SANTIAGO (Reuters) - Chile’s Air Force on Tuesday said one of its cargo planes had crashed with 38 people on board after going missing in an isolated area between South America and the Antarctic, with the chance of finding survivors looking “difficult”.
The Hercules C-130 aircraft took off at 4:55 p.m. (1955 GMT) on Monday from the southern city of Punta Arenas in Chilean Patagonia and was heading to a base in Antarctica. But controllers lost contact with the plane shortly after 6:00 p.m.
The Air Force said in a statement it had yet to locate the plane but had concluded the plane must have crashed, given the number of hours it had been missing. The defense minister added that hope for finding survivors was fading.
“The chances are difficult but I think it would be profoundly wrong to lose heart at this moment when we are doing everything humanly possible and with all our the energy and determination,” Alberto Espina told reporters.
“The Air Force has provided a thorough investigation to clarify the facts with complete transparency.”
The plane was carrying 17 crew members and 21 passengers, the Air Force said. Its rescue team was scouring the area “where it lost communication with the plane, with the goal of rescuing possible survivors.”
The crash comes at a turbulent time for Chile and President Sebastian Pinera, who has been grappling with rising discontent that has sparked almost two months of riots in the capital city, Santiago, and heaped pressure on his government.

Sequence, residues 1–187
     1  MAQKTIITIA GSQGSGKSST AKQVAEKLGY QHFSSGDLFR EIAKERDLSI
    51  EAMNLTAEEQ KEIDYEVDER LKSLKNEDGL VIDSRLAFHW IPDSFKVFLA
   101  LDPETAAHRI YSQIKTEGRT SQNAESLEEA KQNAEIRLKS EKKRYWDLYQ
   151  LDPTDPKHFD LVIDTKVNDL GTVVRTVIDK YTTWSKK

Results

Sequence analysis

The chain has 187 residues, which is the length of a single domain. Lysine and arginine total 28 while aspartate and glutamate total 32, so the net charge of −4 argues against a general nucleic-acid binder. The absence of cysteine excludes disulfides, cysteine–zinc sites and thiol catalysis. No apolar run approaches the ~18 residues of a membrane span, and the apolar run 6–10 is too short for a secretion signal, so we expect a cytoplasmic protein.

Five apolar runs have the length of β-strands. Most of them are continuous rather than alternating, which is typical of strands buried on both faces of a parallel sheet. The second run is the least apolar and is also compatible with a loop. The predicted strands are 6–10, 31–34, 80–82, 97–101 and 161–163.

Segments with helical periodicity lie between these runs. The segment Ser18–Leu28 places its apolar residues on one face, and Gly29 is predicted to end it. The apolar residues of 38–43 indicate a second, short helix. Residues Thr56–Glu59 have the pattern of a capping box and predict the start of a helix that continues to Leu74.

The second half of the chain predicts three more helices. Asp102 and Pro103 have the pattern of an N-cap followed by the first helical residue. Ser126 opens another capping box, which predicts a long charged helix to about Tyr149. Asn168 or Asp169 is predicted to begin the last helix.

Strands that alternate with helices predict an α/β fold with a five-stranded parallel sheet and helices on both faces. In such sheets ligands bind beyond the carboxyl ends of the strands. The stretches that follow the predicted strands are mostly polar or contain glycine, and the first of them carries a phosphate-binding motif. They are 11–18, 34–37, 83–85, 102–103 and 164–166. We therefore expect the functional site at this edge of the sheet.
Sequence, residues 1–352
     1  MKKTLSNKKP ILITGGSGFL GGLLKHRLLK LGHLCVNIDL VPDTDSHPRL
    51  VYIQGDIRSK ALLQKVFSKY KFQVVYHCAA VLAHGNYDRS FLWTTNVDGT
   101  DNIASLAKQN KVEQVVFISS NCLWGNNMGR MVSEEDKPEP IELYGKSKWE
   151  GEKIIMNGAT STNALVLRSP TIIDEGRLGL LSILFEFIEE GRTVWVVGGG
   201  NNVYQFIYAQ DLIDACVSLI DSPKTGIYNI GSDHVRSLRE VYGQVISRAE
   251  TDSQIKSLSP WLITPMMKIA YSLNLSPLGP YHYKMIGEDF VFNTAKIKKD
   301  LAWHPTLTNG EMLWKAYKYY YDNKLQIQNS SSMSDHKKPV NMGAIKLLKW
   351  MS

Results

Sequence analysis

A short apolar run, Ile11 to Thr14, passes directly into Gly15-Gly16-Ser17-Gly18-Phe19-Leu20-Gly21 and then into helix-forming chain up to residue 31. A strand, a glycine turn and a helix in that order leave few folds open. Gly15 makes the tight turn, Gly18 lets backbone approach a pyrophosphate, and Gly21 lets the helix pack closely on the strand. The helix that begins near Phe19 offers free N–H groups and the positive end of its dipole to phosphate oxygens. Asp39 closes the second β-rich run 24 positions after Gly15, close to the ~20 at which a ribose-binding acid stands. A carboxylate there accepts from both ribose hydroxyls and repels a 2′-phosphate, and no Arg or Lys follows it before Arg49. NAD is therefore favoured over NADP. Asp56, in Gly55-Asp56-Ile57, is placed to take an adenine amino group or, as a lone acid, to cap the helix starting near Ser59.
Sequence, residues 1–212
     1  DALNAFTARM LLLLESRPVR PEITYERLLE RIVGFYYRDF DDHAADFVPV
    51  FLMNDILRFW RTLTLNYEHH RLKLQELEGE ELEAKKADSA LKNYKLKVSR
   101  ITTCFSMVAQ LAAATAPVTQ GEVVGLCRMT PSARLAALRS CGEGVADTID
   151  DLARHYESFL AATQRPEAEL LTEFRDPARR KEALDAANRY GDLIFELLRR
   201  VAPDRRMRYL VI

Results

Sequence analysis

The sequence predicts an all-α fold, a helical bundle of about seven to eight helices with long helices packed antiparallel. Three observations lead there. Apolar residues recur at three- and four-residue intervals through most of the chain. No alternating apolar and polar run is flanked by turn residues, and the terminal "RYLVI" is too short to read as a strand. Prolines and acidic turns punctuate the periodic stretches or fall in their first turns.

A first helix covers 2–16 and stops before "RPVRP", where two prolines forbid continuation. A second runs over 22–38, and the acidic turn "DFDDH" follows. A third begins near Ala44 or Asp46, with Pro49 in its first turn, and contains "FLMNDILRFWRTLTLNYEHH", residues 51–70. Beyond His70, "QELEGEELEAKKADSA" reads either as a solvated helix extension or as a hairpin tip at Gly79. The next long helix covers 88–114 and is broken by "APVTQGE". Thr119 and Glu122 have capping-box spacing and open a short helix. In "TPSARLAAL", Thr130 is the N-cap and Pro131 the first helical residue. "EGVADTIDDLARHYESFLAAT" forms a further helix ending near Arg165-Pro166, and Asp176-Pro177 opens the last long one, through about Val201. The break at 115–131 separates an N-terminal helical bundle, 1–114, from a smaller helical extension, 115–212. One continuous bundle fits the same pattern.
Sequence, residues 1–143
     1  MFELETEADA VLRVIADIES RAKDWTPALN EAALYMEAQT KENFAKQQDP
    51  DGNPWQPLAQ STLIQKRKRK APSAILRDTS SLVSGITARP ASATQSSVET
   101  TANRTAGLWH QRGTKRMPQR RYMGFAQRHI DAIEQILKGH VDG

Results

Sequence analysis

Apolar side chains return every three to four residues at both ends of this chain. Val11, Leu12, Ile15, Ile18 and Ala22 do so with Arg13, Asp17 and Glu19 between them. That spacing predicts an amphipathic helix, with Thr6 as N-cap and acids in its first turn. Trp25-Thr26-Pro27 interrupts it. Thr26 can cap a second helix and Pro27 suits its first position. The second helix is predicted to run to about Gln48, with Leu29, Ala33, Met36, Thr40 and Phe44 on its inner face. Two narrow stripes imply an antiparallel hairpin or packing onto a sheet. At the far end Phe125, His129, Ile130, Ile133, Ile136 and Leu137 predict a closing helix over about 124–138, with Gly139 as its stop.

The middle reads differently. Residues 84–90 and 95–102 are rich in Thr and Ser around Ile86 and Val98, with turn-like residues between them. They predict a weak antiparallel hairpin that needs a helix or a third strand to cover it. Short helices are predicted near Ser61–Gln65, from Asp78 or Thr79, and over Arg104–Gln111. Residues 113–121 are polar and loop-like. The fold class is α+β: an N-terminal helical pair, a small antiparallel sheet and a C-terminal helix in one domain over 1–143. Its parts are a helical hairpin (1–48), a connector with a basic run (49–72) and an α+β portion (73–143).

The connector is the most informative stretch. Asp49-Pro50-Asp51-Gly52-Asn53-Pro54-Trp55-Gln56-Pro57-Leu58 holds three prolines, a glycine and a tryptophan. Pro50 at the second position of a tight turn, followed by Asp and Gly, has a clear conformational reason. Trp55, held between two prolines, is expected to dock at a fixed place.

“My thoughts and prayers are with the families of the 38 crew members and passengers of the FACh (Air Force) C-130 plane,” Pinera wrote on Twitter, where he said his Brazilian counterpart, Jair Bolsonaro, had offered support.
Argentina’s government also said it had offered air and naval assistance for the search and rescue.
“With the help of many we are making every effort humanly possible in the search operation for the plane,” Pinera said. He added that he had canceled a trip to Argentina to attend Tuesday’s inauguration of incoming President Alberto Fernandez.
The region where the plane disappeared is a vast, largely untouched ocean wilderness of penguin-inhabited ice sheets off the edge of the South American continent.
Those aboard the plane were to perform logistical support tasks for the maintenance of Chilean facilities at the Antarctic base, the Air Force said.
Reporting by Fabian Cambero and Dave Sherwood; Writing by Cassandra Garrison, Dave Sherwood and Adam Jourdan; Editing by Gareth Jones, Steve Orlofsky, Dan Grebler and Marguerita Choy